On surface level, Redfin (NASDAQ:RDFN) appears to be the perfect disruptor. For decades, prospective homebuyers had few choices but to employ the services of traditional real-estate brokers. By adopting emerging technologies, Redfin advanced an aging industry into the 21st century. As a result, Redfin stock has performed well relative to its initial public offering last summer.
Redfin’s appeal is easy to understand, especially if you’ve ever dealt with home-buying stress. Under the traditional approach, you must first rifle through the litany of real-estate agents sending you often unsolicited advertisements.
Next comes the seemingly eternal search for the perfect home and then the back-and-forth negotiations. All in all, it’s a tiring process.
Better yet, buying or selling with Redfin is significantly more cost-effective than the traditional route. This is one of the reasons why Redfin stock found quick success after its IPO.
Today, against its first day of trading, the next-generation real-estate company isn’t as impressive. On July 28, 2017, Redfin stock closed at $21.70. Based on the time of writing price, the tech-centric firm has gained less than 2.5%. No matter how you look at it, the disruptor is getting disrupted where it matters the most.
Furthermore, RDFN stock has been very disappointing this year. Since its January opener, shares are down an alarming 29%. To start off this week, the company dropped over 7% in market value as Goldman Sachs downgraded Redfin to “sell.”
Is that the end of the road for Redfin, or does a contrarian opportunity exist?
Few Bright Spots for Redfin Stock
I really love the impact that Redfin imposed upon this slow-to-change industry. I might even consider using its services when I go through the home-buying process again. But as great as the company is, Redfin also proved that disruption alone doesn’t guarantee success.
I can think of few investments that have as many fundamental challenges as Redfin. Market participants weren’t necessarily spooked about the Goldman Sachs downgrade. Rather, they panicked because of the reasons why the famed institution presented its bearish case.
No company is above its underlying sector, and Redfin is no exception. The biggest impediment to Redfin stock is soaring home prices. Not only does the housing market put inventory out of the reach of many first-time buyers, sellers practically can’t sell. That’s because you have to live somewhere, which defeats the purpose of selling your residence.
This dynamic necessarily restricts supply. I’ve witnessed firsthand how San Diego transitioned from an affordable metropolitan area into “San Francisco 2.0.” Sure, more companies are doing business in America’s finest city, but we’ve also seen an unsustainable population influx. Builders can’t keep abreast of demand. One way or another, the situation will come to a head.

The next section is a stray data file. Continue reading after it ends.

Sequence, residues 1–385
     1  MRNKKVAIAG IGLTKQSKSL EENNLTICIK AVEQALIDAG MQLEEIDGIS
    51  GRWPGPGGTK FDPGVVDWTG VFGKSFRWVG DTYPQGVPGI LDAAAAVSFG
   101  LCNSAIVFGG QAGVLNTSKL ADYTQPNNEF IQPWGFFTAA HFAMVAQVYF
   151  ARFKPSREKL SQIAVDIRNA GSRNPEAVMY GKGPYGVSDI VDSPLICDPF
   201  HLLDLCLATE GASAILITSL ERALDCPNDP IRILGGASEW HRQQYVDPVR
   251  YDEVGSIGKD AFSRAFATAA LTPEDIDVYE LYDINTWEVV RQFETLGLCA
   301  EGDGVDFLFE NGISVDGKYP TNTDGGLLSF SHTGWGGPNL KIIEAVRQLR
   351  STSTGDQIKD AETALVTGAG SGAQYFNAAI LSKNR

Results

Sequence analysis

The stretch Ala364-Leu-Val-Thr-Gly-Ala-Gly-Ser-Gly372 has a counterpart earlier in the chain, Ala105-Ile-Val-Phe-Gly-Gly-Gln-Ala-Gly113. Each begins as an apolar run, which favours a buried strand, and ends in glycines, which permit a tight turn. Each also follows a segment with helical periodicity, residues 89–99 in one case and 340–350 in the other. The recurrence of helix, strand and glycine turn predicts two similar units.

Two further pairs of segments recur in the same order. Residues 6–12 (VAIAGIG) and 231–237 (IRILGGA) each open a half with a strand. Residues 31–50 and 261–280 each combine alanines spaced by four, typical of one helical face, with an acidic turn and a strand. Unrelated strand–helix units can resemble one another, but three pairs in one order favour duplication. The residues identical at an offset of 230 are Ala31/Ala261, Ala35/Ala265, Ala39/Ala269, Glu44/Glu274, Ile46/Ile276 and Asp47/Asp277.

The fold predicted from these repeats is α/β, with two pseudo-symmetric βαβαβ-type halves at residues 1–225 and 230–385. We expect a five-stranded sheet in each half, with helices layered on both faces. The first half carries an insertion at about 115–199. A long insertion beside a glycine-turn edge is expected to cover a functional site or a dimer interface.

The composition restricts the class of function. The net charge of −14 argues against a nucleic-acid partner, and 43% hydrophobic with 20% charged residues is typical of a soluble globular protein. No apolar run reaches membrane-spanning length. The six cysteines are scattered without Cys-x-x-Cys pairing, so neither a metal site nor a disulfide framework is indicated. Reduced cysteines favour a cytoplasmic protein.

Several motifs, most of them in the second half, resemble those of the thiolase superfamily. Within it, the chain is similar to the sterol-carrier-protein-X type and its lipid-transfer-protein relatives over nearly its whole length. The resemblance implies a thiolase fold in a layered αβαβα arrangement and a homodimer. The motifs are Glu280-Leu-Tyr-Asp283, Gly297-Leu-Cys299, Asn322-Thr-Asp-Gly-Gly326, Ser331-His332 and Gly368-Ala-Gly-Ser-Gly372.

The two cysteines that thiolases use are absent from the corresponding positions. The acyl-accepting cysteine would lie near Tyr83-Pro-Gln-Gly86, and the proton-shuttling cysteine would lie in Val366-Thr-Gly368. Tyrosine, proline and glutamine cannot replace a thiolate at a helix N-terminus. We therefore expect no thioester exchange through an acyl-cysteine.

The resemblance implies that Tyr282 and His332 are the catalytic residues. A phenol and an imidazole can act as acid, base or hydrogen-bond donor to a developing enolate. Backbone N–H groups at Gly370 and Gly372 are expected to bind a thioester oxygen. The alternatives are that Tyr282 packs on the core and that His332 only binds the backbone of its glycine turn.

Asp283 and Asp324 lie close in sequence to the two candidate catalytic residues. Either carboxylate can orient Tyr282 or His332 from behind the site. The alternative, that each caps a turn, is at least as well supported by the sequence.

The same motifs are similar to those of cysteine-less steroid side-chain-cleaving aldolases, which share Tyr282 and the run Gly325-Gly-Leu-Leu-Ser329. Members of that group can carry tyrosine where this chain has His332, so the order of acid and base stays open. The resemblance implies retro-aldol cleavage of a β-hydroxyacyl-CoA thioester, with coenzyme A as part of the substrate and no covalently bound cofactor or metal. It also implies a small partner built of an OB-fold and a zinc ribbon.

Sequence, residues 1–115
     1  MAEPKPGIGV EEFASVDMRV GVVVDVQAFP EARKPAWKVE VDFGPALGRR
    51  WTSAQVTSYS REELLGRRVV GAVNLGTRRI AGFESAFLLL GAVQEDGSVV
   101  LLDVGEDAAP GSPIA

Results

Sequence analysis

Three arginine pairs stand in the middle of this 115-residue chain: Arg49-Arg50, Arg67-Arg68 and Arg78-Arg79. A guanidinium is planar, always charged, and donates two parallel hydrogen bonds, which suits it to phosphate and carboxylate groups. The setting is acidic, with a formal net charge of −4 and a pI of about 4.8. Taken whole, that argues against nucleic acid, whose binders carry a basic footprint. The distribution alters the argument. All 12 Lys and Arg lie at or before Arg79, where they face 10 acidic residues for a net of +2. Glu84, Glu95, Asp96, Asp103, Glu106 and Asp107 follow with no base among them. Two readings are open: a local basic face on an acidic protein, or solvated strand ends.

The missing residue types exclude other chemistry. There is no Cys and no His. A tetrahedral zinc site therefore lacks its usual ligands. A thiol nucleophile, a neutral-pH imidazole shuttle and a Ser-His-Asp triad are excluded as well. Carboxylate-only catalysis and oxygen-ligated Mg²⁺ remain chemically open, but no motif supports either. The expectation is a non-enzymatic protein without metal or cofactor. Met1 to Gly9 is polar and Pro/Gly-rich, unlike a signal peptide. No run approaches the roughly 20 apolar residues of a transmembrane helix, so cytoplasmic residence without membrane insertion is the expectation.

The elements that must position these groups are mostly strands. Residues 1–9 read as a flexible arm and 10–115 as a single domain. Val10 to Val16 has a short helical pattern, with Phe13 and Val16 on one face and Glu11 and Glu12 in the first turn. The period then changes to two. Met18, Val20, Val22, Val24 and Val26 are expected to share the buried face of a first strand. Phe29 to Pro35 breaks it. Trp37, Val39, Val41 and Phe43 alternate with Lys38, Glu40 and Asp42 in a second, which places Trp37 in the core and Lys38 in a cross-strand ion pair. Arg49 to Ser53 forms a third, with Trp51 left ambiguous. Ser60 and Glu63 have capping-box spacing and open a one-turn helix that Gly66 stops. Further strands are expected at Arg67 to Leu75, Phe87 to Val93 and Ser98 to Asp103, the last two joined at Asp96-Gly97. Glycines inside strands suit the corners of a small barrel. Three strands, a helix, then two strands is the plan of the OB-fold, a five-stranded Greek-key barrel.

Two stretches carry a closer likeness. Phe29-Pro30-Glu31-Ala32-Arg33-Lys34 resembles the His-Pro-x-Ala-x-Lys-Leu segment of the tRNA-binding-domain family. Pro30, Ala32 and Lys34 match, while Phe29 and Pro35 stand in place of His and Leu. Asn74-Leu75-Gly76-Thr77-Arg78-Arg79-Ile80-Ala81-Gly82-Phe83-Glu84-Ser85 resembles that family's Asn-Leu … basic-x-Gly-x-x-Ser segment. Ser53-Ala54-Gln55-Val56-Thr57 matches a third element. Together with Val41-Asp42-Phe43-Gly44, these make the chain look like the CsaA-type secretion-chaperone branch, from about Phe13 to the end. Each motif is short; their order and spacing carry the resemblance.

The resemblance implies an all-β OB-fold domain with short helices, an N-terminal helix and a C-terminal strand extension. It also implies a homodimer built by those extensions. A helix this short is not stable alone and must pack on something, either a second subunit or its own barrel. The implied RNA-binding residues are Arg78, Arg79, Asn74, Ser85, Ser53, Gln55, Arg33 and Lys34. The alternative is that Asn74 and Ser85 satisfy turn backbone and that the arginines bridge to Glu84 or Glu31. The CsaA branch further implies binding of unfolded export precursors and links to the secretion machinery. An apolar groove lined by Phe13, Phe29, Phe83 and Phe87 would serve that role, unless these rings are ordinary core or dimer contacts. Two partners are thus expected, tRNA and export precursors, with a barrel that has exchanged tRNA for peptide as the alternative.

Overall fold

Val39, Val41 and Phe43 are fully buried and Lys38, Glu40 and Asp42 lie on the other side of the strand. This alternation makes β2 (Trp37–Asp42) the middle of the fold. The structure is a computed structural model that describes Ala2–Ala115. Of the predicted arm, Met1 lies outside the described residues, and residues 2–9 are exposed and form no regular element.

Needless to say, tight supply leads to higher prices. But San Diego is hardly unique as several cities across the U.S. experience the same challenges. Frankly, this problem alone should weigh heavily on Redfin stock. But Redfin has another dilemma: rising mortgage rates.
The popular 30-year fixed mortgage averaged 3.54% exactly two years ago. Today, that average spiked to 4.62%, or more than a 30% increase.
For homebuyers, the 30% difference is huge. A $100,000 30-year mortgage at 3.54% interest roughly translates to $452 monthly payments. At 4.62% interest, the payments jump to $514, or a $22,500 total difference.
Redfin’s management team exudes confidence, so I’m not worried about their attitude. But as a potential investor, I’m concerned about its business structure, which hurts under current conditions.
Unlike rival Zillow (NASDAQ:Z, NASDAQ:ZG), which provides real-estate resources and information, Redfin is a legitimate broker. Thus, its primary revenue source comes from transacting home sales, not ancillary sources such as selling advertising space.
When real estate is booming, Redfin stock is your go-to investment. But when it’s not, I find it difficult to justify risking a heavy position. Just look at Zillow shares; year-to-date, they’re up nearly 57%. Clearly, having a business structure that’s less levered to real estate’s cyclical nature helps significantly.
But the nail in the coffin is that both Redfin and Zillow face upstart competitive threats. Thanks ironically to lower technology costs, new companies can disrupt the sector incumbents. In other words, what Redfin and Zillow is doing is no longer unique. That puts serious pressure on Redfin , on top of everything else the company deals with.
As of this writing, Josh Enomoto did not hold a position in any of the aforementioned securities.